• An employer who receives notice before the end of the cafeteria plan year that includes December 16, 2013 (i.e., by December 31, 2013, for calendar-year plans), that a participant is married to a same-sex spouse must begin treating the amount that the employee pays for the spousal coverage as a pretax salary reduction no later than the later of (a) the date that a change in legal marital status would be required to be reflected for income tax withholding purposes, or (b) a reasonable period of time after December 16, 2013.

How does the Windsor decision affect the tax treatment of health coverage for a participant who paid for same-sex spousal coverage on an after-tax basis?

  • In the case of a participant who had been paying for same-sex spousal health coverage on an after-tax basis, the participant's salary reduction election is deemed to include the cost of spousal coverage, even if the employer reports the amount as taxable income and wages to the participant. Therefore, the amount that a participant pays for same-sex spousal coverage is excluded from the gross income of the participant and is not subject to federal income or federal employment taxes.
  • This rule applies to the cafeteria plan year which includes December 16, 2013 (i.e., the 2013 plan year for calendar-year plans), and any prior years for which a participant can file a claim for credit or refund.

When may a cafeteria plan permit a participant's flexible spending arrangement (including a health, dependent care or adoption assistance FSA) to reimburse covered expenses of the participant's same-sex spouse?

  • Cafeteria plans may permit a participant's FSA (including a health, dependent care or adoption assistance FSA) to reimburse covered expenses of the participant's same sex-spouse that were incurred during a period beginning on a date that is no earlier than (a) the beginning of the cafeteria plan year that includes the date of the Windsor decision (i.e., during the 2013 plan year for calendar-year plans), or (b) the date of marriage, if later.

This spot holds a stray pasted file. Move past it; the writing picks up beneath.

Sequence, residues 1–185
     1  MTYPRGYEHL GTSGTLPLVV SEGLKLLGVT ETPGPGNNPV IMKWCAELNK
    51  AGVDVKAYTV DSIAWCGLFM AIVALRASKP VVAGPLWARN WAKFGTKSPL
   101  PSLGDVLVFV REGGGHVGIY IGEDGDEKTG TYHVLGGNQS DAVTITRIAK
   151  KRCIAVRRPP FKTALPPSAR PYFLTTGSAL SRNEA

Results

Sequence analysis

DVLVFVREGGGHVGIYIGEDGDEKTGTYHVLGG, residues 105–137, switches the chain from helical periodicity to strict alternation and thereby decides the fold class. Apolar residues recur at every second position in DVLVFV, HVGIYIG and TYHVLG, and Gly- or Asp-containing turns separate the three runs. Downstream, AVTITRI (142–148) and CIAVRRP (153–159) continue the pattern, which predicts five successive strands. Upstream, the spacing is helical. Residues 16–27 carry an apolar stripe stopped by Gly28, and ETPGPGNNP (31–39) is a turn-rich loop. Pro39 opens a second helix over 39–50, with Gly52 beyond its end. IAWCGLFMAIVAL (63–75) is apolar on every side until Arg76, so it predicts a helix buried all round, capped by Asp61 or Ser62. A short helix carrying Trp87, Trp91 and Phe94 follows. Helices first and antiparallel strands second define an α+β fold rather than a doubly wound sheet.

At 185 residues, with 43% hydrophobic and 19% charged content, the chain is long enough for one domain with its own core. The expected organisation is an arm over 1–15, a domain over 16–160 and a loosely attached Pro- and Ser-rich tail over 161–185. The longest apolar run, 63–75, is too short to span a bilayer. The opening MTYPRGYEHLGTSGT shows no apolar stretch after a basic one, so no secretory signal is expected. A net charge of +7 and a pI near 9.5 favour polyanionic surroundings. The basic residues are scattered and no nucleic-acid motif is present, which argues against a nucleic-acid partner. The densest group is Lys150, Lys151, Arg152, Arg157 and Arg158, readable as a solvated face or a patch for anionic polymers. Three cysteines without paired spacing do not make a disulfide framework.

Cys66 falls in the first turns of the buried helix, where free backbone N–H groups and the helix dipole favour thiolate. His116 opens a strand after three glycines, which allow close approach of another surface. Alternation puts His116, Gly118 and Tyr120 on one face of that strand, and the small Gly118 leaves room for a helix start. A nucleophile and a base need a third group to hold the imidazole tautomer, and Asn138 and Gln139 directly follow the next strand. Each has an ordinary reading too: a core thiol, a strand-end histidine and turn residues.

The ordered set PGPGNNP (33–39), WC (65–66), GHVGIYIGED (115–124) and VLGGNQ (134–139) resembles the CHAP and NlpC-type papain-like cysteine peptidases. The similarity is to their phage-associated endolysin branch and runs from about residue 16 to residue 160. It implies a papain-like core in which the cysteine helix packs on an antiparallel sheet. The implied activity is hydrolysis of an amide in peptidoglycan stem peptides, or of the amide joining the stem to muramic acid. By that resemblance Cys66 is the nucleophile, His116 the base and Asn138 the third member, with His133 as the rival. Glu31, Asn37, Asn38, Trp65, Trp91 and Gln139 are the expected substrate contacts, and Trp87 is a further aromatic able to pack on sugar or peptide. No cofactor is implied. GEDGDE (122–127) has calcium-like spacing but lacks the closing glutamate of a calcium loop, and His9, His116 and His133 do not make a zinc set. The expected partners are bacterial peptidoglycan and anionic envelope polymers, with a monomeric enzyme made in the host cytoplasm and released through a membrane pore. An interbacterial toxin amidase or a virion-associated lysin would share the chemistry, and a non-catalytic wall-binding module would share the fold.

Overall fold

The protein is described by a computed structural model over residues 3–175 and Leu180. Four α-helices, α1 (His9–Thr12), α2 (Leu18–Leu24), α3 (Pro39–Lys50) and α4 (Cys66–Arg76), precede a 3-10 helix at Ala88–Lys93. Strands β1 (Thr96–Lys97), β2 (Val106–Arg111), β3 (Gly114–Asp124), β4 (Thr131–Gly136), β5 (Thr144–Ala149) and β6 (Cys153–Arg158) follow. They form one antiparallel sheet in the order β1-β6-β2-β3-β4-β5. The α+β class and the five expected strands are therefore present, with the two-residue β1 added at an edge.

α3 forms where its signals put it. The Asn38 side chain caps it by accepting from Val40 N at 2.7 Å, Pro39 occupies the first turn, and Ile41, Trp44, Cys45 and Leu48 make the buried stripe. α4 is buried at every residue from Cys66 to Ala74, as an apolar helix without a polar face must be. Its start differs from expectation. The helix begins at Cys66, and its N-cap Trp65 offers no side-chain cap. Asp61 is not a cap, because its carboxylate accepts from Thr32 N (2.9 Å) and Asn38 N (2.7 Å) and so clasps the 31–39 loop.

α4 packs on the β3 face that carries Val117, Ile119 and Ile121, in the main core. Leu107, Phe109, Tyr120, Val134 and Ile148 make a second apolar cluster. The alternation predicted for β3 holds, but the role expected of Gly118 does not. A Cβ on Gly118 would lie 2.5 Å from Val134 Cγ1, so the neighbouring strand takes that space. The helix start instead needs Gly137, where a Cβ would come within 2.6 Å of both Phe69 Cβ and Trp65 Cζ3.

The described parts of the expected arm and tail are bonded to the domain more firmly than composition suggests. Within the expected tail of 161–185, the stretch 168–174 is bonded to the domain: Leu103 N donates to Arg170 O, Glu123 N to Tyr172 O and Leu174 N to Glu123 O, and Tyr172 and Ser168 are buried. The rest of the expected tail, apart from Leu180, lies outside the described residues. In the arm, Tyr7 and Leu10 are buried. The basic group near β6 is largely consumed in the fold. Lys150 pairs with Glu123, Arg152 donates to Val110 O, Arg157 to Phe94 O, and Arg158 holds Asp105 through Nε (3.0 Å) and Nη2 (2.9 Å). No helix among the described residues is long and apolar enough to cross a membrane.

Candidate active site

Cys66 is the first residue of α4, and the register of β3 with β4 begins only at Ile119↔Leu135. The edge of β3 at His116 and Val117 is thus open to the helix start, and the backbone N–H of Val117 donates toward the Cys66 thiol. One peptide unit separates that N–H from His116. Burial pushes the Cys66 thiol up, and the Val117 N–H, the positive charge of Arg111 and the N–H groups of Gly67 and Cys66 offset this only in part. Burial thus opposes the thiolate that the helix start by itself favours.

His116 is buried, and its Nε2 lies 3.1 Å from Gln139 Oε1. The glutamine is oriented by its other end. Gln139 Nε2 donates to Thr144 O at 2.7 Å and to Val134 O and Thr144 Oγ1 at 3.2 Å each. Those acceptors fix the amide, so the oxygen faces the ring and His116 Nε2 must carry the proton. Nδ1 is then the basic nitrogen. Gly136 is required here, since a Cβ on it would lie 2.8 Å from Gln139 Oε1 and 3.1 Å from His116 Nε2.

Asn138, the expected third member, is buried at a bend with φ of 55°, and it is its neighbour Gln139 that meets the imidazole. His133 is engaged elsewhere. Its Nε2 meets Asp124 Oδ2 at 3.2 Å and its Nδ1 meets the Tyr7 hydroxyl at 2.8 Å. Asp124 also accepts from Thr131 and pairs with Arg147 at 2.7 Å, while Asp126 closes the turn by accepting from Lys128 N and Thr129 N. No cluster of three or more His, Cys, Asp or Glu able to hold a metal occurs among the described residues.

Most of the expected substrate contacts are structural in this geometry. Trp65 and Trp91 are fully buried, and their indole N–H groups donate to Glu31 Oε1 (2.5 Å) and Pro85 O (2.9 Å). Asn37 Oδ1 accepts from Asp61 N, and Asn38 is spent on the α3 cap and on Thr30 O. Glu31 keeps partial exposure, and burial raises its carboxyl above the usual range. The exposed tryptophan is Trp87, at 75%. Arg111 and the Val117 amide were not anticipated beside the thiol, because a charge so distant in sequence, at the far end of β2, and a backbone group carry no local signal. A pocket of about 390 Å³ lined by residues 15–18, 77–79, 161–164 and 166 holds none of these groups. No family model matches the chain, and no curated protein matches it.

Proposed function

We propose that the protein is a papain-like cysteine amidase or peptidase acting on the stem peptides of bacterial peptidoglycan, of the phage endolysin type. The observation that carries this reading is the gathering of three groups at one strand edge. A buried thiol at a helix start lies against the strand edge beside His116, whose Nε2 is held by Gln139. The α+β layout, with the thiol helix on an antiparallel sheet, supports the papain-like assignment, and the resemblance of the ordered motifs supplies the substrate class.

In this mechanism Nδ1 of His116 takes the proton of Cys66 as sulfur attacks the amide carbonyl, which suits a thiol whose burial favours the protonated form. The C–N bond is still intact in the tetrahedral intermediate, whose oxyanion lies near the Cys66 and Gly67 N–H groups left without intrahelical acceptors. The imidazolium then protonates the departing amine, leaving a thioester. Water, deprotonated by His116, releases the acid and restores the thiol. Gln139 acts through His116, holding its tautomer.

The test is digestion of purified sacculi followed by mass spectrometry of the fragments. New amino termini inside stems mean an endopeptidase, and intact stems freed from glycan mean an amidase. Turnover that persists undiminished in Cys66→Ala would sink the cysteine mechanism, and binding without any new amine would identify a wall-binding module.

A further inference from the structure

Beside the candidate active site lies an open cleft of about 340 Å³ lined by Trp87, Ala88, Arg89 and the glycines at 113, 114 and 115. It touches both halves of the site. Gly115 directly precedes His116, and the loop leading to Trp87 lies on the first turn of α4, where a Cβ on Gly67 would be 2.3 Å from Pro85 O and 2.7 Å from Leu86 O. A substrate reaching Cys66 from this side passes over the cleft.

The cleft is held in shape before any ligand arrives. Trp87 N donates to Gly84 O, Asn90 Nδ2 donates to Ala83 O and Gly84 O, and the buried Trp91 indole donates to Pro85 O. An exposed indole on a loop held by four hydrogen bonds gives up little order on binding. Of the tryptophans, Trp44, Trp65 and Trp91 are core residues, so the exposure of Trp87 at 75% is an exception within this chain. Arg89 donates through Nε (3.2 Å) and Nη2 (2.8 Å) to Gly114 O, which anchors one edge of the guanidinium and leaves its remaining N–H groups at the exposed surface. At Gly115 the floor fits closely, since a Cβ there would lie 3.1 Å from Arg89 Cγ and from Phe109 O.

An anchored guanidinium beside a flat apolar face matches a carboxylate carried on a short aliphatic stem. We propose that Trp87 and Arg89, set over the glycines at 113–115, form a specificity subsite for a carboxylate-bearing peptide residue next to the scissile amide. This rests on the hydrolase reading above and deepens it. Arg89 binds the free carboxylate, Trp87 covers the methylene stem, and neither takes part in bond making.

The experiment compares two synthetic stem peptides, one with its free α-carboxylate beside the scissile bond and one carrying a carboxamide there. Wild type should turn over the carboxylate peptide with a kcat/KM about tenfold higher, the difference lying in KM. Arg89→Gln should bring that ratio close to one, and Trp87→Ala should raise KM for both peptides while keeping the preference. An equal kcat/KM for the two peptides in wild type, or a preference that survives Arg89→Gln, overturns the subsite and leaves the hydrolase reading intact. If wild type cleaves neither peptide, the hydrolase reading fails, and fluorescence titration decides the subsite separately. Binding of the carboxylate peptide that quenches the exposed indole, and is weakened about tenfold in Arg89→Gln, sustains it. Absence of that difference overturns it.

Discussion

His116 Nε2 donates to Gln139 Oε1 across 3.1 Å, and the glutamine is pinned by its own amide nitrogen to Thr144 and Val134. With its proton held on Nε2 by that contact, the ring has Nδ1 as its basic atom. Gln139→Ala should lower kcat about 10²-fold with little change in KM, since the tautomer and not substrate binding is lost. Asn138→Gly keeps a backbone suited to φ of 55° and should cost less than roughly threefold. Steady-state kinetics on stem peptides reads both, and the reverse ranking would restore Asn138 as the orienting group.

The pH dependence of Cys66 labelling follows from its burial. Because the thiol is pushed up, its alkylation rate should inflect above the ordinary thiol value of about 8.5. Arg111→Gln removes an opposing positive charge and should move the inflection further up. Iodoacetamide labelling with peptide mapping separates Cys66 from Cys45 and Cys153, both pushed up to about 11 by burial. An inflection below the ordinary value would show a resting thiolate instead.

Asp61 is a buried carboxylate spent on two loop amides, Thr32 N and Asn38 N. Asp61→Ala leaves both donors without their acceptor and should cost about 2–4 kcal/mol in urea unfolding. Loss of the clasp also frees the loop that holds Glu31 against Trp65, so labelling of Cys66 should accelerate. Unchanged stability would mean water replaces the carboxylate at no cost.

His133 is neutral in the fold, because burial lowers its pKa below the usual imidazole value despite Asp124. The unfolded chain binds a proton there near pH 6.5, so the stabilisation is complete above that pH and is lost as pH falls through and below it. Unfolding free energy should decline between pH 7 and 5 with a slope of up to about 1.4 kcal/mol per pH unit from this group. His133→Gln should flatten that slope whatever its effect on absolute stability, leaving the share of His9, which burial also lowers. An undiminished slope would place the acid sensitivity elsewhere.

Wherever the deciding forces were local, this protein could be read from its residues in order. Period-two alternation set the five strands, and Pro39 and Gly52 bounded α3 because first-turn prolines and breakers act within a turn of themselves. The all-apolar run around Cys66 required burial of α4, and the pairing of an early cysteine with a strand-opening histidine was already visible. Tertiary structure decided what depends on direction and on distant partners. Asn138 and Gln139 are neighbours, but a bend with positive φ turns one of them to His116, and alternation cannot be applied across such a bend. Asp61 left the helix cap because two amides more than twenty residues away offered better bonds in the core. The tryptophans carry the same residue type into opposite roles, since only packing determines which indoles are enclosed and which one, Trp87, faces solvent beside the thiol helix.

How are the contribution limits for health savings accounts and dependent care assistance programs affected?

  • Same-sex married couples will be subject to the maximum annual contribution limit for health savings accounts ($6,450 for 2013). This limit will apply to same-sex married couples who are treated as married for federal income tax purposes for a taxable year, including the 2013 taxable year.

  • In the event that the combined health savings account contributions for a same-sex couple exceed the applicable contribution limit ($6,450 for 2013), contributions for one or both of the spouses may be reduced for the remainder of the plan year in order to avoid exceeding the contribution limit. To the extent that the combined contributions exceed the applicable contribution limit, any excess amounts may be distributed from the health savings accounts of one or both spouses no later than the due date of their tax returns. Any amounts that are not distributed by such date will be subject to excise taxes.
  • Same-sex married couples will be subject to the $5,000 maximum annual contribution for dependent care flexible spending arrangements. This limit will apply to same-sex married couples who are treated as married for federal income tax purposes for a taxable year, including the 2013 taxable year.


 

The views expressed in this document are solely the views of the author and not Martindale-Hubbell. This document is intended for informational purposes only and is not legal advice or a substitute for consultation with a licensed legal professional in a particular case or circumstance.
 

View More Library Documents By...

 
 
Day Pitney LLP Overview